Community Research and Development Information Service - CORDIS

Final Report Summary - FUNSURF (Functional Supramolecular Networks on Surfaces)

Introduction and summary of project objectives:
Functional Supramolecular Networks on Surfaces (FUNSURF) is a multidisciplinary project which aims to use two-dimensional (2D) supramolecular self-assembly to produce functional molecular networks. These networks were studied using scanning probe microscopy (SPM) a technique which allows visualisation of structures with molecular resolution. The molecular building blocks used in this study were designed to have the ability to respond to external stimuli such as light irradiation or voltage pulses applied using an SPM tip.
These responses include light induced structural changes or controlled covalent reactions. The final objective was to implement an analysis method that combines the high spatial resolution of SPM with chemical sensitivity, tipenhanced Raman spectroscopy (TERS).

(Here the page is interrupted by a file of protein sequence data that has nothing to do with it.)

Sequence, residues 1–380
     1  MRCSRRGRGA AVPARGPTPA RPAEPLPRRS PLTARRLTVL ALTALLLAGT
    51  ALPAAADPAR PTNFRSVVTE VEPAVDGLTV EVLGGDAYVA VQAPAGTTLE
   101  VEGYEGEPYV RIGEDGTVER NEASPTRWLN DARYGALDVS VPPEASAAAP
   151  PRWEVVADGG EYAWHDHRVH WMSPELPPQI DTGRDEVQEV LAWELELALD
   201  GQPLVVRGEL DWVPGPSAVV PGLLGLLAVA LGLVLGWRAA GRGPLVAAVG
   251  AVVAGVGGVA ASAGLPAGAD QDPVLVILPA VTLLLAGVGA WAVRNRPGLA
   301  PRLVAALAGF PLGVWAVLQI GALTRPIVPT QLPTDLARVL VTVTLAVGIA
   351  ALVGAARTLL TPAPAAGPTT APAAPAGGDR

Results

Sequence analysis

The self-assembly of simple molecules into complex structures is a ubiquitous process in nature. The self-assembly of molecules at surfaces into 2D molecular networks is promising areas of research. These structures can quickly and easily organise chemical groups across a surface with nanometre precision. Areas of particular interest are self-assembly at the liquid-solid interface and the formation of nanoporous networks. The molecular systems studied in FUNSURF are based on a previously studied system that is known to self-assemble at the liquid solid interface between graphite and organic solvents, alkoxylated dehydrobenzo[12] annulenes (DBA). DBA molecules consist of a triangular annulene core decorated with six alkoxy chains. The DBA molecules interact with each other through the chain interdigitation. DBAs form two distinct network structures, a close packed linear phase and a hexagonal porous network. Which structure is formed depends on the length of the alkoxy chains, the solvent used and the concentration. DBA is an ideal system for functional networks as the alkoxy chains can be altered at the synthesis stage to include specific chemical groups.

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Reported by

KATHOLIEKE UNIVERSITEIT LEUVEN
Belgium
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